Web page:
The Engine Shed Project – Background and History

This is a Project which is borne of an idea in the 1990s. An idea to find a building suitable as a theatre for Wivenhoe’s many performing groups. This building, known as the Engine Shed (technically a Goods Shed to railway purists) seemed like an ideal building and a group of people came together to try and turn an idea into reality.

The original idea soon became a much broader one with the realisation that the population was continuing to grow. When the project started thee were marshes behind the building, now there are nearly 300 new homes.

This was a building that could serve Wivenhoe and the surrounding area as a Community Arts Centre. It could be run by volunteers under the constitution of the Wivenhoe Community Association, a registered charity.

A planning application was submitted to Colchester Borough Council in January 2003 for a scheme which included an extension on the rear of the building. This application was for an auditorium for up to 200 people as space for performances, shows and exhibitions plus 4 rooms which would support other arts and educational activities. Click here for more information about the planning application.

The project received a major boost when the project received news of a £75,000 grant from the Railway Heritage Trust (for more info click here). 

The planning application was approved inAugust 2004 and work started to refresh the project costings.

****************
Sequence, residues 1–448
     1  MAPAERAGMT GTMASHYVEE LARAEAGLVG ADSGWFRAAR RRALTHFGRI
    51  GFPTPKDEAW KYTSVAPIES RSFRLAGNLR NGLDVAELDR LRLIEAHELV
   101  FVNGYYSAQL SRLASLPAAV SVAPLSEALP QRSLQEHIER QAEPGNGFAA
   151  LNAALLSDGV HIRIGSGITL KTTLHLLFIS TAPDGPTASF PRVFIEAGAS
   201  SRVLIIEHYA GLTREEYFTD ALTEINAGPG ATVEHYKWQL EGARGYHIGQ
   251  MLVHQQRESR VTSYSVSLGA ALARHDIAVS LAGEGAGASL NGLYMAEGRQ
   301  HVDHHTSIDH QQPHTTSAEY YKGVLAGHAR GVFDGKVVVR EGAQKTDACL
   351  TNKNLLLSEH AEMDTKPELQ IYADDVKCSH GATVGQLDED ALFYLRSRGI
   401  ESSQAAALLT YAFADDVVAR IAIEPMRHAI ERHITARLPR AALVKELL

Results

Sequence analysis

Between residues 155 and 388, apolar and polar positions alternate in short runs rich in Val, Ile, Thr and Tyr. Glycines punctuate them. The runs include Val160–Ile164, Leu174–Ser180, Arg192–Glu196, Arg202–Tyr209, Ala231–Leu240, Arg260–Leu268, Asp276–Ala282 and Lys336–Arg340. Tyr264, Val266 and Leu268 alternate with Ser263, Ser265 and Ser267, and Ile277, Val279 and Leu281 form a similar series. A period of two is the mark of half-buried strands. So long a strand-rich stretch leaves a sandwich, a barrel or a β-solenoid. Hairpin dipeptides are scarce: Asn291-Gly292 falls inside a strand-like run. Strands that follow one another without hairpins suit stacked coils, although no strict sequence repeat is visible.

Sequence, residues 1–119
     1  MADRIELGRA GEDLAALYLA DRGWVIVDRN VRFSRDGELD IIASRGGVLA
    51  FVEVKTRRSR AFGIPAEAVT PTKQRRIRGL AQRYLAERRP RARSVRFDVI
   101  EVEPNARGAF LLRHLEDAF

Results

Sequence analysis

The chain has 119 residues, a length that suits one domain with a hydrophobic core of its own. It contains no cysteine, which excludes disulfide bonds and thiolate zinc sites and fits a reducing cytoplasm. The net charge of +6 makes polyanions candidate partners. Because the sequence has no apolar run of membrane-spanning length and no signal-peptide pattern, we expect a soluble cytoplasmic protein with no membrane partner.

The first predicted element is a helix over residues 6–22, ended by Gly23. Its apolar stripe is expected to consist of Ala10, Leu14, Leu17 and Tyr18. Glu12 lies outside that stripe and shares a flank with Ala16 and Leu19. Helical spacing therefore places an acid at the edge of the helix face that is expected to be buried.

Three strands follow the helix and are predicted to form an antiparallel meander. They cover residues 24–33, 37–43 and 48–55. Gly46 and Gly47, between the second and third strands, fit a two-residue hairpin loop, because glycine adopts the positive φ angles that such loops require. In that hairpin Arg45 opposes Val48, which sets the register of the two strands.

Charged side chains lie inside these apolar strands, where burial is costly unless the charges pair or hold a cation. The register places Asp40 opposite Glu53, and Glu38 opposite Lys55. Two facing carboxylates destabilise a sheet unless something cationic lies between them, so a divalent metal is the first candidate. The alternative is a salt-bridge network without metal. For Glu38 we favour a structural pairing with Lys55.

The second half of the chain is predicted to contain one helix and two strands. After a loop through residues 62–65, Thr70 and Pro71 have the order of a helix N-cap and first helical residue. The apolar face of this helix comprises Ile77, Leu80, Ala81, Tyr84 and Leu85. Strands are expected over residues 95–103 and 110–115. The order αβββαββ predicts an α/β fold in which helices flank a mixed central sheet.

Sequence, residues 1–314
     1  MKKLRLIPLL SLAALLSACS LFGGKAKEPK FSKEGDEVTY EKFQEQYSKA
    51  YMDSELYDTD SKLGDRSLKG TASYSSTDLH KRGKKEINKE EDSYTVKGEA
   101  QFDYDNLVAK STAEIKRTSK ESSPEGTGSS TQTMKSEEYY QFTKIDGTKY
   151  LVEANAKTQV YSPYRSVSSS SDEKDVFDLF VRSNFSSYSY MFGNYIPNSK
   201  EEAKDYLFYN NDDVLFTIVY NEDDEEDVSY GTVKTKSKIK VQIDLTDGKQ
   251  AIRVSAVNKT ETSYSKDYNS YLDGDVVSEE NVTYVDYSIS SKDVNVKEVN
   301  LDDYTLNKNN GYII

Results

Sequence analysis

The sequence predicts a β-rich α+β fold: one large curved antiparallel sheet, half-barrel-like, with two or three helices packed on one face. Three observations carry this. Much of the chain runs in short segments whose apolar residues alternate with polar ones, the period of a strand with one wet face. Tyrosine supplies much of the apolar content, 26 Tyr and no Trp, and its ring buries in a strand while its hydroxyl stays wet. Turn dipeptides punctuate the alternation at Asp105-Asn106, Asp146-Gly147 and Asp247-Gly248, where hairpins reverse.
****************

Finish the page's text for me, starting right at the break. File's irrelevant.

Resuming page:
However, by 2005, it was clear that building costs had risen so much the original scheme was not going to be viable and we revised the scheme by scaling back the extension. In 2006, even the extension looked untenable.

In the summer of 2006, the Project team took a hard look at the scheme and determined that the most important thing was to save the building. With so much elapsed time, the fabric of the building was steadily deteriorating. At least Network Rail had taken steps to prevent the walls falling over or the roof caving in.  The team got the consent of the wider supporters of the Project, and the backing of the Town Council, to appoint a local firm of architects and with their professional help to make more rapid progress with a grant application to the Heritage Lottery Fund. 

The Project team also reduced the scope of the Project to an absolute by eliminating a requirement for an extension but leaving that as a longer term ambition, when funds became available. Taking away the extension does reduce the scope of the building and probably eliminates the possibility of putting on activities where changing rooms would be required – because there won’t be any, unless it was possible to bring in some temporary changing rooms!

The team also determined a new focus for the building, that of being a base from which to promote Wivenhoe’s rich heritage and using art, in its many forms, to be one channel by which people could become knowledgeable and appreciative of our past. And not just of Wivenhoe’s past but that of this area which goes back 2,000 years to the Roman invasion after which Colchester became a Roman colonia and carries the accolade of Britain’s oldest recorded town.